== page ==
There is a very helpful list of the indications of tax arrangements that might be abusive in the proposed clause 2(4) of the rule and I have no objections to any of the four examples given therein. If only it stopped there - unfortunately it states that the indications listed in clause 2(4) are "not read as limiting in any way the cases in which the tax arrangements are regarded as abusive". This is a real shame as we really need some clear guidance from HMRC as to what they consider to be abusive or not, especially as there will be no form of clearance system.
How will it work?
How will GAAR in practice be applied? There are draft provisions for counter-action of abusive tax advantages which essentially give HMRC the power to decide how a transaction should have been taxed if it had not been abusive. So far, so reasonable. It is also states that the GAAR is to be ignored in applying other provisions particularly TAARs. However, if HMRC find that a TAAR is not sufficient then they can bring in the big guns and counter-act the measures using the GAAR.
It is proposed that the GAAR is dealt with under the self-assessment regime. This means that taxpayers must self-assess under the GAAR. I suspect that this will need to be done in the "white space". So, if you think you are caught by the GAAR, then you are supposed to tell HMRC that you are. Perhaps the disclosure will look something like this:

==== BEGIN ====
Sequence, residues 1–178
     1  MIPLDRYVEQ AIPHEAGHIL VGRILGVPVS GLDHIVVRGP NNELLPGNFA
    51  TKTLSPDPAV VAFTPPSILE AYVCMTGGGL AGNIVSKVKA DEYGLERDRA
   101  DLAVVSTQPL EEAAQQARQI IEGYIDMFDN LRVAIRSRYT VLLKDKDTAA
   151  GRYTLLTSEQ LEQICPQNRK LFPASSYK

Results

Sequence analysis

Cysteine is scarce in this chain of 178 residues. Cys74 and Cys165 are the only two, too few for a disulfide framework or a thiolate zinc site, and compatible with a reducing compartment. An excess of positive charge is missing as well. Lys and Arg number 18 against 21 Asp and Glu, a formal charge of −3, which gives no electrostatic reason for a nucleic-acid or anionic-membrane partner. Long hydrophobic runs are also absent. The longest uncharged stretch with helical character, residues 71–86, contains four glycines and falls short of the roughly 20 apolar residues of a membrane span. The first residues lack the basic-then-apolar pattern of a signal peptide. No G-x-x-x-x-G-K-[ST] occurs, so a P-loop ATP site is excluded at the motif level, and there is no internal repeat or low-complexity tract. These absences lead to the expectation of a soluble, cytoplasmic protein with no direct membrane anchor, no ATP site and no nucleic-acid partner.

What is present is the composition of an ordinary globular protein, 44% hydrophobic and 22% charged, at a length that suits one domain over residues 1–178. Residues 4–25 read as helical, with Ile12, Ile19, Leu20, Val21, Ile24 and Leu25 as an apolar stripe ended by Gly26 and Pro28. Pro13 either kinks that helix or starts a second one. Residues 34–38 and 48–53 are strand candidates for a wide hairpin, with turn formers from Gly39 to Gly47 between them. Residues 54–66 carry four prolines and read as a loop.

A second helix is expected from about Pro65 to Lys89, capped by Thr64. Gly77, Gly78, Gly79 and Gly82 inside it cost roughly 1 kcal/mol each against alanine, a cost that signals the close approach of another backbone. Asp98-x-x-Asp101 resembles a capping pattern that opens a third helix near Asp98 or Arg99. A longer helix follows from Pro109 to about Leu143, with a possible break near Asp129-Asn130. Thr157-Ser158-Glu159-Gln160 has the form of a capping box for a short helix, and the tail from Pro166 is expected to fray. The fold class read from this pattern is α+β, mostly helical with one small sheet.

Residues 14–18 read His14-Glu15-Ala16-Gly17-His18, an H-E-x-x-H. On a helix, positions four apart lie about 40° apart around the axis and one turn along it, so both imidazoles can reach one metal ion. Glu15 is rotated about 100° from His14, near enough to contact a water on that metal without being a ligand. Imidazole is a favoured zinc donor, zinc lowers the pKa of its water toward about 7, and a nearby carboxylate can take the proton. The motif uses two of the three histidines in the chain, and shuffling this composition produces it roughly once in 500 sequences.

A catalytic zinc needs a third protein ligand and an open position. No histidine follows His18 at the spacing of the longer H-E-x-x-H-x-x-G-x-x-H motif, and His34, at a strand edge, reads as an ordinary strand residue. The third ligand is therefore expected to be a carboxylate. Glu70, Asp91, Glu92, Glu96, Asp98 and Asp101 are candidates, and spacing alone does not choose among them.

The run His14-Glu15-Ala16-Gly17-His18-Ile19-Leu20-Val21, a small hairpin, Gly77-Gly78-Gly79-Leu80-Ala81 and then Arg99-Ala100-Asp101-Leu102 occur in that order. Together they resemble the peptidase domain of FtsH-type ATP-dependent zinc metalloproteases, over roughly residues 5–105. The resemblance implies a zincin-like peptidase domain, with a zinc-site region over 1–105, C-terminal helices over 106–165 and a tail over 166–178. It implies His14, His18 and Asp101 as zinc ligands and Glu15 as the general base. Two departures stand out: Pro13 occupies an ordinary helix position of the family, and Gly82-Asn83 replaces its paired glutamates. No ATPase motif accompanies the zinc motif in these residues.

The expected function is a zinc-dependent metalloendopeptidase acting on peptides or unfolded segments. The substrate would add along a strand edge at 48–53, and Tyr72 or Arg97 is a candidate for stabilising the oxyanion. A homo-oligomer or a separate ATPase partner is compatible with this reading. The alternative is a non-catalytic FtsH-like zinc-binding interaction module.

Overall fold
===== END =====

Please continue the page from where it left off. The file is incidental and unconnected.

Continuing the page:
"Hello, I am an imbecile. I have entered into a loss generation scheme which was sold to me by a nice man with white socks and a clip-board. He tells me that it really works but if I am to be honest (which apparently I must) I think it's pretty abusive and therefore would suggest that you counter-act any tax advantage by using your powers under the GAAR. Please also kick me in the head. Thank you."